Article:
Taste of Cherry

Taste of Cherry ★★★★½

This review may contain spoilers. I can handle the truth.

This review may contain spoilers.

While not as formally ambitious as Close-Up or as out-right rigorous as Certified Copy, Kiarostami still creates wholly formal deconstruction of cinema itself. It’s almost like he can just do it with his eyes closed. It’s that easy for him. Most prominently, this formalist nature is found in the enigmatic meta-finale, but K works with form more subtly throughout too. He creates such an excellent rendering of the clinically depressed state of mind through this formal repetition used here.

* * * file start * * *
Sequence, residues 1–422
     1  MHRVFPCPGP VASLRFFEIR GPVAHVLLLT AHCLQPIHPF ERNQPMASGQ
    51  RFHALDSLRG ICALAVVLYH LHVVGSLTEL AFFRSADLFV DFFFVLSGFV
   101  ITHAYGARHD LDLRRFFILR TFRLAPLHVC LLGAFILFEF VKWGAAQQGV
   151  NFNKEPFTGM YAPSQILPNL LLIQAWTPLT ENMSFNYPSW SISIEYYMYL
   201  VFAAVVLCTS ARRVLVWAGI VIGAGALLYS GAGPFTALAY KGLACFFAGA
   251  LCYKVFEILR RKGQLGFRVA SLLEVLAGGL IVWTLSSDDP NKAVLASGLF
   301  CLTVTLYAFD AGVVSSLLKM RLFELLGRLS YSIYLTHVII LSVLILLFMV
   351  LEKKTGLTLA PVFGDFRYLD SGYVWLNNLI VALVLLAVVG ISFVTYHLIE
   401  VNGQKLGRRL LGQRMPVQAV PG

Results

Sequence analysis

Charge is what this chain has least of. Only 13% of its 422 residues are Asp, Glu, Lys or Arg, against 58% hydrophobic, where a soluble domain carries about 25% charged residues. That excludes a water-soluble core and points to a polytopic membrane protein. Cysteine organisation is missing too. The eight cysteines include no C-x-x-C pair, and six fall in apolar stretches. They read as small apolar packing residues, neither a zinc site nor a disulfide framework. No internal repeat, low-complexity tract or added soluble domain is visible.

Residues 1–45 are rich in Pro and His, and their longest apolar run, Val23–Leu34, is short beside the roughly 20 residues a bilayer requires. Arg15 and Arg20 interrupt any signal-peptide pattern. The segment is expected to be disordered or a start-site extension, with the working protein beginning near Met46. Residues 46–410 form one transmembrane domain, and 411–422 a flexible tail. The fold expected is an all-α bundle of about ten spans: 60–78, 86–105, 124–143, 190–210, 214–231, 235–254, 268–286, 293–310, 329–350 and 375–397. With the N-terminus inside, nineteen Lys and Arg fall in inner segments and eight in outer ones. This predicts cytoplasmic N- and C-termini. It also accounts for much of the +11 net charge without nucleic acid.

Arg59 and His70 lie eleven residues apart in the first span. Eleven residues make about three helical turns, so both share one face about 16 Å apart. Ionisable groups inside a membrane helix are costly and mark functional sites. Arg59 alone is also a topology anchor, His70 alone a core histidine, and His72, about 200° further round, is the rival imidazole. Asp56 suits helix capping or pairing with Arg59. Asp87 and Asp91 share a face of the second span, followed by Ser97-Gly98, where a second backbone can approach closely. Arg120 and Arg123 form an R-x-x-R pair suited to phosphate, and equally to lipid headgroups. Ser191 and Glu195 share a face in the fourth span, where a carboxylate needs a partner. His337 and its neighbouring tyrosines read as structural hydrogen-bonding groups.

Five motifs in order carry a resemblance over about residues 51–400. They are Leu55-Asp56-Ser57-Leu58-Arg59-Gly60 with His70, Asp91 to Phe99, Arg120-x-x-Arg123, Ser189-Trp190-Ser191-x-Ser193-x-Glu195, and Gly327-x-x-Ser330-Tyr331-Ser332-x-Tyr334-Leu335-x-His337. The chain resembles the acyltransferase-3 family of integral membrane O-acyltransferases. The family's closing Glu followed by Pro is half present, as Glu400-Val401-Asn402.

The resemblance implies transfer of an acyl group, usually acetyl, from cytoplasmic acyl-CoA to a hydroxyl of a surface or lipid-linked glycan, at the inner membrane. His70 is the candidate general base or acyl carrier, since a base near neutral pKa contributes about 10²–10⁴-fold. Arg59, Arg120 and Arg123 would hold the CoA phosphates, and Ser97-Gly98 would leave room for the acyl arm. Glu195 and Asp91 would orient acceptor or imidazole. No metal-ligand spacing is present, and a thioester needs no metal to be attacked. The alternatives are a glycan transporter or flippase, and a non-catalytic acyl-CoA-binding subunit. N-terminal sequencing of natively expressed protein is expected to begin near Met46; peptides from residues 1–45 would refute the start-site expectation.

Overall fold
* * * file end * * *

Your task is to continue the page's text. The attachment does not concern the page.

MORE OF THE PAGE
We see our protagonist obsessively trying to find someone he can trust, doing this over and over. There are numerous shots of him observing the construction work, achingly watching the dirt fall down and spread into the air. And he travels the same road as we see time and time again as if he is lost in a loop. He is stuck in an unfortunate cycle of dark thoughts and unable even to see the good or beautiful things in the world as the Turkish man described. It’s reasonable to say that Kiorostami could have been making a personal statement as when he pulls back to reveal a behind the scenes look at making this, it could be taken that his own thoughts are also looping. Or maybe it represents something hopeful, ie, the breaking out of the fiction we create in our head and seeing the world as it really is. Either way, this is some great filmmaking.

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